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puma
May 27th, 2009, 14:48
The hot teacher wants to do a lesson on classroom English with me after we play one of my games which should take 15-20 minutes tops.

I so far have made a sheet with English/Japanese vocabulary matching and English/Japanese useful phrases, which should take 15 mintues or so.

I need some type of partner activity/game that focuses on classroom English for first year high schoolers.

Ideas?

Coollead
May 27th, 2009, 14:55
For my first year junior high students (who are probably on the same level as your high school kids, if they need classroom english. I teach that stuff in Kindergarten here.), I played Simon Says. Its fun to watch them mess up.

If it's partners you need, put pictures on cards, and play Classroom English karuta!

puma
May 27th, 2009, 14:58
For my first year junior high students (who are probably on the same level as your high school kids, if they need classroom english. I teach that stuff in Kindergarten here.), I played Simon Says. Its fun to watch them mess up.

If it's partners you need, put pictures on cards, and play Classroom English karuta!

yeah partners, whats karuta

Coollead
May 27th, 2009, 15:15
Karuta is something nearly every Japanese kid enjoys.

For example, Alphabet Karuta:

You make 26 cards per group, (A-Z). Have each group spread out the cards on a desk, and then call out a letter. The kids grab the correct card. If they pick the wrong card, they have to give a card to the other person. Keep going until you run out of cards. You can also make up rules like "Keep your hands on your head" or "Only use your left hand" to add challenge.

For Classroom english Karuta, you do the same thing, except there's only pictures on the cards, and you say the phrase in English. The kids have to find the picture that matches up with the phrase.

AliDimayev
May 27th, 2009, 16:47
Puma, what game are you doing first?

puma
May 28th, 2009, 09:17
battleships since its unrelated

puma
May 28th, 2009, 09:18
Karuta is something nearly every Japanese kid enjoys.

For example, Alphabet Karuta:

You make 26 cards per group, (A-Z). Have each group spread out the cards on a desk, and then call out a letter. The kids grab the correct card. If they pick the wrong card, they have to give a card to the other person. Keep going until you run out of cards. You can also make up rules like "Keep your hands on your head" or "Only use your left hand" to add challenge.

For Classroom english Karuta, you do the same thing, except there's only pictures on the cards, and you say the phrase in English. The kids have to find the picture that matches up with the phrase.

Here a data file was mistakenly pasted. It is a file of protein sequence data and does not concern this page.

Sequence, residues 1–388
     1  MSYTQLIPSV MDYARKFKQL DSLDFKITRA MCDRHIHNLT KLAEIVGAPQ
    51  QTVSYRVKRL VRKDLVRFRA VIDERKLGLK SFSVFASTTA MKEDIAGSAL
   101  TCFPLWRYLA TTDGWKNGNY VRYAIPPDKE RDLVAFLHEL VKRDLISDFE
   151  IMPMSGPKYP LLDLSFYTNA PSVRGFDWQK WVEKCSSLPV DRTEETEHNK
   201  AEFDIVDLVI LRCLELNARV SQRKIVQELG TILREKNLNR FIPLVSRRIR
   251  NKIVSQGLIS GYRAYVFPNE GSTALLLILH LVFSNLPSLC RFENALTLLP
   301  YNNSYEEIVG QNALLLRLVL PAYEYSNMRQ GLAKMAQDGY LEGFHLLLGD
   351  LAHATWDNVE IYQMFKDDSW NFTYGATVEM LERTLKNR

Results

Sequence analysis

maybe im a dumbass, but i need more explanation

Marrissey
May 28th, 2009, 15:23
Karuta would be ok, as long as you get them to practice pronouncing the English in the second activity. Given classroom English is stuff you want them to say, the second activity should probably be followed up with you giving some examples by saying some stuff and getting the students to try to use the appropriate phrase.

For example, when teaching classroom English I say to the students "please repeat: supercallifragulisticexpialodocious" - of course, they all crack up because it's impossible, but I tell them they should say "please speak slower" or "pardon". I generally try to do an example for each phrase to get them used to using it.

Wakatta
May 28th, 2009, 19:49
For classroom English, I support just teaching phrases and strongly relating it to actual activity. Less games and more, like, say, a "stand up/sit down" game...where they're supposed to listen and do what you -say-. (E.g., while they're standing, say, "Stand UP!" with a downward hand motion and the intonation you were using for "sit down".) Have them run around opening and closing whatever: books, doors, windows, etc. Teach them "raise your hand". Tell them to raise their books or raise their pencils, too. Etc. etc.

Marrissey
May 28th, 2009, 20:06
At Senior High School level they will know stand up / sit down etc.

You should be teaching them things like "I don't understand", "please speak more slowly", "I don't know", "how do you spell xyz" etc. - the sort of stuff that's on the covers of a lot of SHS textbooks.

ETA: ...but I agree with you that actually learning appropriate times to use each thing and how to use them is really important for classroom English.

Komadori
May 29th, 2009, 07:27
I'm not sure how long this has been out, but I saw a commercial for it the other day. I'm wondering how helpful it might be for SHS students:

http://www.boardgames.com/scslcaga.html

I'm tempted to bring a deck or two with me.

Marrissey
June 1st, 2009, 15:24
I'm not sure how long this has been out, but I saw a commercial for it the other day. I'm wondering how helpful it might be for SHS students:

http://www.boardgames.com/scslcaga.html

I'm tempted to bring a deck or two with me.

Don't know the rules but looks good for English Club. Not sure about using it in a lesson, but maybe you could make up your own activities involving those cards. In my experience, scrabble and its spin off can be good if you change the rules a bit to suit the purpose and students playing it.